Mon, 21 Dec 2009
From: The Jakarta Post
By Laurentius Tirta Widjaja, Jakarta
Laurensius Tirta Widjaja, the marketing director of PT Indomarco Prismatama (Indomaret) recently talked with The Jakarta Post’s Kornelius Purba about the prospects of and problems facing retail business for next year. The following is an excerpt of the interview:



Question: What is your outlook for your retail business for 2010?

Answer: We feel optimistic for 2010. Why? In 2009 our business growth was almost 28 percent. We are projecting a higher growth next year that we are confident about.

First reason, we have held the general elections. Our government is fairly credible.

The general public also supports President Susilo Bambang Yudhoyono.

Second reason, he has done much to improve our infrastructure. This is one of our concerns regarding deliveries.



How about business permits in the region?

It is true that there are things we have to improve to receive business permits. Not all regions are open to our business. But we try to approach the local governments and share our business platform with them. This is not easy.

We do not have the same mindset yet. Bali is one example. We are facing big difficulties there. The retail business greatly contributes to regions.

First, we provide job opportunities.

Second, we give opportunities to local people to develop local products.

Third, we add local revenue.



Why are many regencies or cities reluctant to accept your business?

They perceive the entrance of the modern retail business does not provide balance in the development of their local market. Our presence can be disturbing. But we share with them our view why the region does not grow, or is stagnant. According to a well-established survey, the retail market is huge. Modern retail controls only 10 percent of the total market. So it has further opportunity to grow.



How about your business expansion now and in the future?

So far our business is concentrated in Java and the Greater Area of Jakarta. We have been entering Sumatra and Kalimantan in the last two years because the growth of the natural resources economy is quite high there.

Public purchasing power is increasing. Like Medan in North Sumatra and Palembang in South Sumatra, we also have been present there. We have not reached Aceh yet. We just entered Medan and have about 80 outlets there. The potential of Medan is equal to Surabaya.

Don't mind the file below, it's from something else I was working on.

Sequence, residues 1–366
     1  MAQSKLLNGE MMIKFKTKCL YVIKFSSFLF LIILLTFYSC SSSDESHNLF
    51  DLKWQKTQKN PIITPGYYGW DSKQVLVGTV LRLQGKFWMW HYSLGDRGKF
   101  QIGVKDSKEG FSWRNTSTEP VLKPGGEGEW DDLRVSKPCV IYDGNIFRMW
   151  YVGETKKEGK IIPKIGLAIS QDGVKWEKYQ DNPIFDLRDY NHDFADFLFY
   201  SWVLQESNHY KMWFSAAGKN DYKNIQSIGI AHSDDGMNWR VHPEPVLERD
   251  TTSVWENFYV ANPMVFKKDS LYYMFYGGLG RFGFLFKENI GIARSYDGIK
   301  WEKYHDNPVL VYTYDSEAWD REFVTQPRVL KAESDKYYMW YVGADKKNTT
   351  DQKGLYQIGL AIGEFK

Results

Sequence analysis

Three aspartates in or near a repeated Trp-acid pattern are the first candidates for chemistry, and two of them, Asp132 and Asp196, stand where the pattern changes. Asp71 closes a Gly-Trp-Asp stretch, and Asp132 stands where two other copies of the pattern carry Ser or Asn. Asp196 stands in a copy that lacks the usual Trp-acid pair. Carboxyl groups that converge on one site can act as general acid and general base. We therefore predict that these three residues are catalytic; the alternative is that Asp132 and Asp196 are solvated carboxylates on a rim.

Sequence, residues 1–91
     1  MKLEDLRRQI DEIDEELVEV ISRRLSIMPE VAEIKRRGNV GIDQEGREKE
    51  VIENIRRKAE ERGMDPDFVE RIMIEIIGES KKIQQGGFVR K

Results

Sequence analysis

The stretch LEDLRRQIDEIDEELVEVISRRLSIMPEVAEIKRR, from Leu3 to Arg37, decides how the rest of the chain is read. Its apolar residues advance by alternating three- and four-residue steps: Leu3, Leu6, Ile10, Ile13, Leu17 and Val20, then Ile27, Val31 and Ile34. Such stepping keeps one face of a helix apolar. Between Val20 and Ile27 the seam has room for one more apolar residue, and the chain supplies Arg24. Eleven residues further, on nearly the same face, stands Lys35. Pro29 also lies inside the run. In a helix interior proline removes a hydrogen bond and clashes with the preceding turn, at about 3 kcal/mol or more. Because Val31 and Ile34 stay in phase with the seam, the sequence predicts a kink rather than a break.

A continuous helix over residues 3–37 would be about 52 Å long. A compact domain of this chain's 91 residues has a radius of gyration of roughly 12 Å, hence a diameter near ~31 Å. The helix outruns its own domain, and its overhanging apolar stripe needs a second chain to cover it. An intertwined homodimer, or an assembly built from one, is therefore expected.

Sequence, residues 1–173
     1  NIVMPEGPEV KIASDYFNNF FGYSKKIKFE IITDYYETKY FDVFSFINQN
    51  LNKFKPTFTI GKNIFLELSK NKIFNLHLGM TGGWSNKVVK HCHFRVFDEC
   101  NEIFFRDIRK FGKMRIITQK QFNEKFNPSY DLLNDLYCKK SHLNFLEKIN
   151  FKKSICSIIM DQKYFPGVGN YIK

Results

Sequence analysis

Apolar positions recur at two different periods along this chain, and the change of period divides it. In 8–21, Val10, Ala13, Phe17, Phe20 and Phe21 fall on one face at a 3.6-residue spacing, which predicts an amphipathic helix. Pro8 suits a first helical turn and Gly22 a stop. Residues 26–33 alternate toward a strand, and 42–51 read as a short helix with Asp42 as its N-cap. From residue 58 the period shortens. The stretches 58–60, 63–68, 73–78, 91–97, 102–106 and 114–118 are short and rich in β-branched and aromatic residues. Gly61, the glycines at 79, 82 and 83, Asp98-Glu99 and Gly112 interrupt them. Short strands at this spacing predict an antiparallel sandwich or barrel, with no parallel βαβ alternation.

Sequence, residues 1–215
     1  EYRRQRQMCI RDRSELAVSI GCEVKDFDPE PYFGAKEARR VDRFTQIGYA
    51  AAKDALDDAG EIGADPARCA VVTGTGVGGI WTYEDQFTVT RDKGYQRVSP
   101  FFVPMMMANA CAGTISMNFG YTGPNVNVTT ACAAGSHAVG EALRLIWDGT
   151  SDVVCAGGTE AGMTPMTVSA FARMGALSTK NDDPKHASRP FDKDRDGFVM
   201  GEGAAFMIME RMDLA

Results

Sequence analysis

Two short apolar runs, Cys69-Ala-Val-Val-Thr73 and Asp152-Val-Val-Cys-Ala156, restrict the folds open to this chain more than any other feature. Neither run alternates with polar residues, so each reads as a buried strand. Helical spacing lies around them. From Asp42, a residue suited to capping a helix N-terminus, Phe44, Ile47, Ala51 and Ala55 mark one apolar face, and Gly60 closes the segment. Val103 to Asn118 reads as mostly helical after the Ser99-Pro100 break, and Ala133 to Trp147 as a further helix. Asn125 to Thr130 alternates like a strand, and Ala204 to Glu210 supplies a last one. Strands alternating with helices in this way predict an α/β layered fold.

We have also penetrated Palembang, although we are still in the surrounding area near the city. In Lampung we are welcome. The population of Palembang is bigger than Lampung with natural resources, product and oil. South Sumatra is undergoing impressive progress. They have built new and big roads.

The modern market is also growing rapidly there and in East Kalimantan. We have also surveyed Makassar in South Sulawesi. Its sea trade is quite progressive, its agricultural products also are growing well. We have prepared our human resources to go there.

Makassar is our first priority, because 20 top factories have operated there. So we do not need to send goods from Java. We only need to send imported goods. I am optimistic with the outlook for next year. The modern retail business is rapidly growing now. But we hope that next year the government will reduce the big differences of policies in the regions.



How about the difficulties to obtain a business permit?

This is also a new development. Each region has different understandings regarding regional autonomy. There are some who said that the rule of the game at the national level should be adjusted to the condition of their region. Yogyakarta is an example. It imposes restrictions on the number of mini-markets there based on postal code. For instance, there can only be three outlets in a postal code area. Jakarta has been closed regarding new mini-markets. But in the meantime, supermarkets and hypermarkets are facing no restrictions at all.



How about local levies?

Let me give you an example. We told our customers that we provided free parking. But in realty, it is almost impossible to materialize. There are other levies. We were told the levies were all official, but we never know where the money goes.

We definitely support the local government’s levies, and as long as they are in line with local regulations, we have no problem. The amount varies among the regions. If we protest, they will tell us not to compare their regions with others.

But as long as the business there is visible, it is still OK for us. But if it is too high, then we refrain to create business there. It also needs about 3-6 months to get a business license. Often we do not receive the official document, we are just given a receipt.



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